EconomicsEconomics (formerly known as political economy) studies the governance of the production, distribution and consumption of wealth and the various related problems of scarcity, finance, debt, taxation, labor, law, inequality, poverty, pollution, war, etc.
A further aspect is how the consequences of different courses of action affect individual or group behavior. Economists tend to think that incentives and preferences (tastes) together play an important role in shaping decision making. Aspects receiving particular attention in economics are trade, resource allocation and competition.
Economics is often said to be positive when it attempts to explain the consequences of different choices and normative when it prescribes a certain route of action. The nature of positive and normative economics is discussed further below.
Mathematical economics is based on the belief that mathematical methods encourage researchers to focus on essentials and makes exposition less prone to ambiguity. However, the basic ideas of economics can be taught with no more than simple arithmetic and graphs, without knowledge of the underlying formal mathematical theory. Indeed, the Austrian School of economics believes that anything beyond simple logic is not only unnecessary but inappropriate for economic analysis.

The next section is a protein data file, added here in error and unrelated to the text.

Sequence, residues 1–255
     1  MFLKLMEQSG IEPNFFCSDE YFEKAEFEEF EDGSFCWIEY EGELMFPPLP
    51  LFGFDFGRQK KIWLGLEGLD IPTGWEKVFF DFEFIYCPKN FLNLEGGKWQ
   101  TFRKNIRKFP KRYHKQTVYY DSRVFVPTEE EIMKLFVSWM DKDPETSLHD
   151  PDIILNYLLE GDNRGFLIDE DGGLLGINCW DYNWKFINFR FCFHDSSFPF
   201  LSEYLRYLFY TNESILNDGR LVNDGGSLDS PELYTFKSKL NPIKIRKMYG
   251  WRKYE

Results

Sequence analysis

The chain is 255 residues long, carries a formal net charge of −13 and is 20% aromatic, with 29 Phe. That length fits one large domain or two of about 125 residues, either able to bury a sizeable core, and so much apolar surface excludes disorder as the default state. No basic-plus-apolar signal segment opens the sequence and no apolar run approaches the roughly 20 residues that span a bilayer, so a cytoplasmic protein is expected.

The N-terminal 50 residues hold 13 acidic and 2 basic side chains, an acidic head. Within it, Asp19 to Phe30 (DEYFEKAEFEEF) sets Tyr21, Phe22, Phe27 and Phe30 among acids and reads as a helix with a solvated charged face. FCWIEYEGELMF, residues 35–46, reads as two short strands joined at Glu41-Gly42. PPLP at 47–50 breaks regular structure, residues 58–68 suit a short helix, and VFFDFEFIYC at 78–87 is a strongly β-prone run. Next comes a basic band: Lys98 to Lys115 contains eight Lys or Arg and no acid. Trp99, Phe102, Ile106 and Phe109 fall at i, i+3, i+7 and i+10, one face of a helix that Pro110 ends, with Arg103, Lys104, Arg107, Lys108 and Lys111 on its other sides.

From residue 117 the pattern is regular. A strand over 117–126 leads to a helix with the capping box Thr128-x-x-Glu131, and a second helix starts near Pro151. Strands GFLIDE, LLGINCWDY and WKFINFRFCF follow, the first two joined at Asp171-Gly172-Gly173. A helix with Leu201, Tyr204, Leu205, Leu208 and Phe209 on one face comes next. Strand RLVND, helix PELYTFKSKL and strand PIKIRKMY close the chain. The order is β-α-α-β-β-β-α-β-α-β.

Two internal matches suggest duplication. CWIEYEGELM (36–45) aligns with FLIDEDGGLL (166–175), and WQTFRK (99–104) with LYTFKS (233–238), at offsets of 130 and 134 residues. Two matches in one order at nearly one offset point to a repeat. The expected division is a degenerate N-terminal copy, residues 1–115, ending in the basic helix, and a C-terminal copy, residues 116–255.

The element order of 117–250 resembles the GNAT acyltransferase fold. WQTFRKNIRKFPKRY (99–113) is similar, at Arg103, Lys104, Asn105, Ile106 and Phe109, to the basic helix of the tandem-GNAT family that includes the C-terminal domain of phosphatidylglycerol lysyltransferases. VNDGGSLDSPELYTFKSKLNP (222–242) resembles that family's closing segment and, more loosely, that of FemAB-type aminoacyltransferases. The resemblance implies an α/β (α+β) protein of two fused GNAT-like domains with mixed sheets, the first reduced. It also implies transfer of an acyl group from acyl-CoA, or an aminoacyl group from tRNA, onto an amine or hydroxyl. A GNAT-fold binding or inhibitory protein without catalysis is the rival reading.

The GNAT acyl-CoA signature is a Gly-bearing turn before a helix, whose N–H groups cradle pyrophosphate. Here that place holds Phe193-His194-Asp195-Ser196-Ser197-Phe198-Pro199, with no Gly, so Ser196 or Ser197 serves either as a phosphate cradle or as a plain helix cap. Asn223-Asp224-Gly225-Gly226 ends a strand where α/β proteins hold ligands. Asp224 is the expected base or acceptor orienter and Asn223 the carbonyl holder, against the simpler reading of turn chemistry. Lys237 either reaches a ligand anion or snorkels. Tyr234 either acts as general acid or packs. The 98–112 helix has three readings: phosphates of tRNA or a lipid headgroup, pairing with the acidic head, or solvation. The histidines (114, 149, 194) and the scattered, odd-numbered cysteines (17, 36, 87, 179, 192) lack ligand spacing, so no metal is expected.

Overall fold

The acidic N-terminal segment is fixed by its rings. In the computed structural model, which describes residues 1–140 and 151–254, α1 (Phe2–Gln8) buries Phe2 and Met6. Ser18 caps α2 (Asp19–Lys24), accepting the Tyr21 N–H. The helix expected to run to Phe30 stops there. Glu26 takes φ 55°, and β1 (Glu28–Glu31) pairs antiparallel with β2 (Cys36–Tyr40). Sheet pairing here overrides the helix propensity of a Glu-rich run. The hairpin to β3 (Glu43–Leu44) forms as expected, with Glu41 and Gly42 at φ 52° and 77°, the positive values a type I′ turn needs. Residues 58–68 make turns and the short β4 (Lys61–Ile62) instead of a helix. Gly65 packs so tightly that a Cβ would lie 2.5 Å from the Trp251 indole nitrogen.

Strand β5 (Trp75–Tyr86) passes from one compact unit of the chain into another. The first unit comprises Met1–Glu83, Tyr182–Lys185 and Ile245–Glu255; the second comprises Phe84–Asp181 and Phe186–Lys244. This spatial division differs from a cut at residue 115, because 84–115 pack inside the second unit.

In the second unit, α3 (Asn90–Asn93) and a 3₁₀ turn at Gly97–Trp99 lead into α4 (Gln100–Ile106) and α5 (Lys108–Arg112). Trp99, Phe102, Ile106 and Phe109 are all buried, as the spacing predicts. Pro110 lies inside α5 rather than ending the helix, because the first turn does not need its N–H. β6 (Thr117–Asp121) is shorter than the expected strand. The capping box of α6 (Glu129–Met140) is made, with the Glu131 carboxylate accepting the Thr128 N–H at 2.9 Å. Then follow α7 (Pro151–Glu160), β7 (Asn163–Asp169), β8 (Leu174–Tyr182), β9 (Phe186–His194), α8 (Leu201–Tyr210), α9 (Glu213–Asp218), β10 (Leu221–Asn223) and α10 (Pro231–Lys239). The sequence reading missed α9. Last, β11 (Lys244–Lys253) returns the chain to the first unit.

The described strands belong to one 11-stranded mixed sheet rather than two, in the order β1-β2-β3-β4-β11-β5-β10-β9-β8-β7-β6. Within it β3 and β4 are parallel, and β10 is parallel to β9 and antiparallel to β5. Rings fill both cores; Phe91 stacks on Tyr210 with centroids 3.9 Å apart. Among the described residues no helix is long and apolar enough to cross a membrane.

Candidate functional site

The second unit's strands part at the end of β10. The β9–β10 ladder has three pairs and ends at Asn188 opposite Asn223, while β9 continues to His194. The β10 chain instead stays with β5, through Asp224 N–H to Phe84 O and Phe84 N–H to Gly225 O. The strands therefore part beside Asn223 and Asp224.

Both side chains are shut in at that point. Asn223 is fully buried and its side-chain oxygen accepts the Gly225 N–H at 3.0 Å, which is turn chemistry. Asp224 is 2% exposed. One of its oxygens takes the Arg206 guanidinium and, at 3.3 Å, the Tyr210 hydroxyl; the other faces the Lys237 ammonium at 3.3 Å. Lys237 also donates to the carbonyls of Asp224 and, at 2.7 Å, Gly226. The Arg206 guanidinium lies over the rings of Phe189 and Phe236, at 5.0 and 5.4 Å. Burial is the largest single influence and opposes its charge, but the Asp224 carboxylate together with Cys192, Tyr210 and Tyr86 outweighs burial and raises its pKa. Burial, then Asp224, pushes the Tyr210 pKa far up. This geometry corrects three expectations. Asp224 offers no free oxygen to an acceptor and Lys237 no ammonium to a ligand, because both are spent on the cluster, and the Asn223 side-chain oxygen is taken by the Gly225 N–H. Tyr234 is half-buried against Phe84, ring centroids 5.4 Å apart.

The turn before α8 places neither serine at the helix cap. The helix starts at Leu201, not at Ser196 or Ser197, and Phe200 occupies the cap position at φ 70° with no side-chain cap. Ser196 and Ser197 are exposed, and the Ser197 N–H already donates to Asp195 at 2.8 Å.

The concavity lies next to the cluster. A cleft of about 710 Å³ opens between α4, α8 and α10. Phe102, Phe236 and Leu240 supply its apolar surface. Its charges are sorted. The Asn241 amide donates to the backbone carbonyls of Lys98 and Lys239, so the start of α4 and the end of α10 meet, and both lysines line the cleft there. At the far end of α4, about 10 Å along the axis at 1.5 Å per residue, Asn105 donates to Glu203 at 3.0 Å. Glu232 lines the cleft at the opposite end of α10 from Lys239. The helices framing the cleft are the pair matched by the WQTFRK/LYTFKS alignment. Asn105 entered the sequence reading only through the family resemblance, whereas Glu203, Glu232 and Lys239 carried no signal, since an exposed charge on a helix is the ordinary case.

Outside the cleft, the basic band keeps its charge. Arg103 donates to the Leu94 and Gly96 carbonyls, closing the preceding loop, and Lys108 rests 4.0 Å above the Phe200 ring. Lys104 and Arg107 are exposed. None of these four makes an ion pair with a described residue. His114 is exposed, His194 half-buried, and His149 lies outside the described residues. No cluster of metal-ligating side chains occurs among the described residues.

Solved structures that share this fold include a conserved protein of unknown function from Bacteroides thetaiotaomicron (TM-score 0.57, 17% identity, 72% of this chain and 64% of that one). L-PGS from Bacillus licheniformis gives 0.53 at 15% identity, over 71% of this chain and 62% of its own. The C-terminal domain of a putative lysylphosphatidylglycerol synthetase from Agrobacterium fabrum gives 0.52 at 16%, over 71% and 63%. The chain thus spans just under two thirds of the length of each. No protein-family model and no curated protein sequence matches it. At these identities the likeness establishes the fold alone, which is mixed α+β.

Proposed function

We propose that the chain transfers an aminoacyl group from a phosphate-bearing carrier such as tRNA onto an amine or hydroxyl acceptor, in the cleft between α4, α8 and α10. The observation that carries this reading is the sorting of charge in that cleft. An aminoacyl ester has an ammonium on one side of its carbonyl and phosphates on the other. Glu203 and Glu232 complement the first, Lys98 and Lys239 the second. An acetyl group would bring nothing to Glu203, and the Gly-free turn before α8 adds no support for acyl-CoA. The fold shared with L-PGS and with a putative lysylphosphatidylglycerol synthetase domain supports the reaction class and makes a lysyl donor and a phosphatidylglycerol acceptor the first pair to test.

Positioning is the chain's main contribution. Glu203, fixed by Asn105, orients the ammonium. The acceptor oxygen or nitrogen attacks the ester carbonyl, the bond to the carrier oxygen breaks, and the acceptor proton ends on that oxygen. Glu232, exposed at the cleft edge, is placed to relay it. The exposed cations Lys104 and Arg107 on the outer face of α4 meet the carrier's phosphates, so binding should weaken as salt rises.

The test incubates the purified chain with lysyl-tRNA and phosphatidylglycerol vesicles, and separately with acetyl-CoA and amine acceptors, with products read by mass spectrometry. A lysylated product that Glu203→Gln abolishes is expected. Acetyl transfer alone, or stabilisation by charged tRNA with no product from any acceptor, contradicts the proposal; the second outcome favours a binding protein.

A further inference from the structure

Most contemporary theory assumes that humans (or more generally, economic agents) act rationally and have access to perfect information. This idea ("homo economicus") is not accepted by all. But rationality and perfect information were essential ingredients of the seminal work of Von Neumann and Morgenstern on game theory in the 1940s, and dropping these assumptions may make otherwise simple economic models intractable. More recently, irrational behavior and imperfect information have increasingly been the subject of formal modelling (often referred to as behavioral economics), resulting in some Nobel Prizes in economics.
In any case, economics relies on formal, mathematical styles of argument more than other social sciences. However, formal modelling is also increasingly used in other social sciences, such as political science, as well as philosophy. Formal modelling can involve advanced mathematical methods, but often only relatively straightforward algebra or elementary calculus is needed.
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- Microeconomics, which deals with the behaviour and interaction of individual agents and firms.
- Macroeconomics, which examines an economy as a whole with a view to understanding the interaction between economic aggregates such as income, employment and inflation.
Attempts to join these two branches or to refute the distinction between them have been important motivators in much of recent economic thought, especially in the late 1970s and early 1980s. Today, the consensus view is arguably that good macroeconomics has solid microeconomic foundations i.e. its premises have support in microeconomics.